A person once asked me, in a provocative manner, if I approved of homosexuality. I replied with another question: ‘Tell me: when God looks at a gay person, does he endorse the existence of this person with love, or reject and condemn this person?’ We must always consider the person. Here we enter into the mystery of the human being.

In this quote, Francis reiterated his belief that the heart of the Gospel, and therefore the Church’s primary message, is God’s love for the person, not the repetition or enforcement of sterile doctrines about sexuality. His obvious intent is to by-pass offensive words like “intrinsically disordered” and “objectively immoral.” Francis is telling us to think of lesbian and gay individuals as human beings, as persons, instead of associating them with sexual activity.

We cannot insist only on issues related to abortion, gay marriage and the use of contraceptive methods. This is not possible. I have not spoken much about these things, and I was reprimanded for that. But when we speak about these issues, we have to talk about them in a context… The church’s pastoral ministry cannot be obsessed with the transmission of a disjointed multitude of doctrines to be imposed insistently.

Pope Francis’ above quote seems to be directly aimed at members of the hierarchy who are obsessed with cultural wars and the hot-button issues of abortion, gay marriage, and contraception. Time magazine pointed out, ”That might not seem like significant progress in the U.S. and other developed nations. But the Pope’s sensitivity to sexual orientation has a different impact in many developing countries, where homo­phobia is institutionalized, widespread and sanctioned.”

What’s Ahead

LGBT Catholics and their advocates are looking ahead for Pope Francis’ leadership in at least two specific areas: anti-discrimination laws and pastoral outreach to same-sex couples.

1.  Non-discrimination 

Uganda’s Parliament recently criminalized homosexuality, including life imprisonment for repeat offenders. Similar persecution of LGBT persons is occurring in Nigeria, Zambia, India, Russia, Croatia, and Jamaica, to name but a few nation states. Catholics and people of faith worldwide are calling on Pope Francis to condemn anti-LGBT laws implemented in several nations recently in a campaign called No More Triangle Nations.

The campaign, organized by New Ways Ministry and Fellowship Global, is a coalition of groups, including some COR groups. It encourages people to contact Pope Francis to urge him to speak out against repressive laws. People can tweet at the Pope (@Pontifex), send him an email (av@pccs.va), or write him a letter (His Holiness Pope Francis, Apostolic Palace, Vatican City State, 00120).

2.  Same-Sex Couples

In a speech to the Union of Superiors General in November 2013, Pope Francis described families headed by same-gender couples as one of the new educational challenges facing the Church.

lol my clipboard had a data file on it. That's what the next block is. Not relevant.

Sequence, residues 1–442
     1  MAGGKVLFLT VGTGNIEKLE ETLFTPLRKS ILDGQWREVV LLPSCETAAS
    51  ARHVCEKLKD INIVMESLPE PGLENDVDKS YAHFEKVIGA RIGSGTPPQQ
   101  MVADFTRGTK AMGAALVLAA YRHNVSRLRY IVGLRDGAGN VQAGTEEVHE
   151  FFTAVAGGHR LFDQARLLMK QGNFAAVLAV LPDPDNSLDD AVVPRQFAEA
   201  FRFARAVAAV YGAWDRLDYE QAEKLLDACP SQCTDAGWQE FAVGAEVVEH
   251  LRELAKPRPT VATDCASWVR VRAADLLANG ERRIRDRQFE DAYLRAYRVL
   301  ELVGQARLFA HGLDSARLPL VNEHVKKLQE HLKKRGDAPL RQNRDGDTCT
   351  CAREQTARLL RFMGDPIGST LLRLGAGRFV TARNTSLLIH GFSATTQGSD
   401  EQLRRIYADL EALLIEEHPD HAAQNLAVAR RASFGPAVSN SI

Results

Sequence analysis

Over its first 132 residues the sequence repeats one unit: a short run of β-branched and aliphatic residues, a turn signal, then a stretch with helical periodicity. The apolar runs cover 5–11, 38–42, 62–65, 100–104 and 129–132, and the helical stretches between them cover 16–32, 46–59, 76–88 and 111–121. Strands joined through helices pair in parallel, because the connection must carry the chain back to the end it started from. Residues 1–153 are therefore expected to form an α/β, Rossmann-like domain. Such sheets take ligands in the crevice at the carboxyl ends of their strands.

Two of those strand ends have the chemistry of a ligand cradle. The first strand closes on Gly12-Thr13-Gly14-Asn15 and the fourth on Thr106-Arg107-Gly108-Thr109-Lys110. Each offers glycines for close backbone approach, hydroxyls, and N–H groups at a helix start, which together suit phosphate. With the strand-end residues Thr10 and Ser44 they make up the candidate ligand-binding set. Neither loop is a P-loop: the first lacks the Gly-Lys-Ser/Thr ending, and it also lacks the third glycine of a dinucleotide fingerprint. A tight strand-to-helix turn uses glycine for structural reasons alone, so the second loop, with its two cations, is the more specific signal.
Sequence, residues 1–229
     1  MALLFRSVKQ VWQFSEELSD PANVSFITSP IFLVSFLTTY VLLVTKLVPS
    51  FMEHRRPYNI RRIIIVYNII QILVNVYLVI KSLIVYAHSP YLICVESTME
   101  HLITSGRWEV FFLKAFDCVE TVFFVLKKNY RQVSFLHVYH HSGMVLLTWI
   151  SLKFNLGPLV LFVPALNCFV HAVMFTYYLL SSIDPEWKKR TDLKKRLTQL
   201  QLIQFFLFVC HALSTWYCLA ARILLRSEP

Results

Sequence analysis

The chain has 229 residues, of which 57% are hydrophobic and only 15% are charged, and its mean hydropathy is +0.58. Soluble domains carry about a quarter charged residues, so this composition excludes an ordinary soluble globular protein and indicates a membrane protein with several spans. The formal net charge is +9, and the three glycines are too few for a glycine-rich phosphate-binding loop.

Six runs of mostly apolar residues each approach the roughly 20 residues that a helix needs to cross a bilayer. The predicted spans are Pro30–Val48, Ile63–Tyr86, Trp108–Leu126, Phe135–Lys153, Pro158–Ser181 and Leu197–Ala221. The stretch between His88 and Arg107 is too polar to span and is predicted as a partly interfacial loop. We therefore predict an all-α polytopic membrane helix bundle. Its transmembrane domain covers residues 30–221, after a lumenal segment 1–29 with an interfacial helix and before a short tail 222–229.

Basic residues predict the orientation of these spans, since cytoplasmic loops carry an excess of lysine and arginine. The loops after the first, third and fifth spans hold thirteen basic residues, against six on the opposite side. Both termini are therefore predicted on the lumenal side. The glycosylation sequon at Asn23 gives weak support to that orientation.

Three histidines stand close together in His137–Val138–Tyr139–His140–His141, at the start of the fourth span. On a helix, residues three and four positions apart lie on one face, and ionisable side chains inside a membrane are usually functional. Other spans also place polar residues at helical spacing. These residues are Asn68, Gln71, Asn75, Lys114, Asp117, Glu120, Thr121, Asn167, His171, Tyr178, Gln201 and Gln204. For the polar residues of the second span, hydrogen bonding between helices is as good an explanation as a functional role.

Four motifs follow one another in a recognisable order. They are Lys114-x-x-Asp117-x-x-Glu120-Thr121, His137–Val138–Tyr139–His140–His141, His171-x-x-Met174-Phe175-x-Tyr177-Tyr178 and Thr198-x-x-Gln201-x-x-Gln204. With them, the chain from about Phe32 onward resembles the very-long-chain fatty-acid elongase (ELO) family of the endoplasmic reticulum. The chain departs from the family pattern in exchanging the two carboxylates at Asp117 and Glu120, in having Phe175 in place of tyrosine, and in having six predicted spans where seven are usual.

Pope Francis has publicly advocated civil unions, but not gay marriage, for same-sex couples. From this speech, it is difficult to ascertain the extent of his sympathy for gay couples. He cast same-sex couples in a negative light by recalling sadly that a little girl told her teacher, “My mother’s girlfriend doesn’t love me.” However, he showed concern that we not give these children “a vaccine against faith” by showing hostility to their parents.

If the pope is serious about “proclaiming Christ to a generation that is changing,” as he said in this speech, he needs to listen humbly to those in the changing generation. His solicitation of input from the laity for the 2014 Synod on the Family is a good first start, but more needs to be done. For example, he could speak about workers’ rights, particularly the injustice of firing someone in a same-sex relationship, for issues unrelated to job performance.

Conclusion

Pope Francis has provided unexpected exhilaration for LGBT advocates. As Mark Segal, a leading gay activist, observed, “The actual doctrine of the church has not changed, but the message that Pope Francis is sending is more powerful than the doctrines themselves. Francis seems to understand that messages can create instant change, while doctrine can take years. He performs simple gestures as a priest looking after his flock.”

      The Advocate succinctly concluded, “Pope Francis is still not pro-gay by today’s standard…But what Francis does say about LGBT people has already caused reflection and consternation within his church.” His example has made a difference. The pope’s influence is not in making policy changes, but in setting the tone that will enable change to bubble up from below.

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–Post by Francis DeBernardo, New Ways Ministry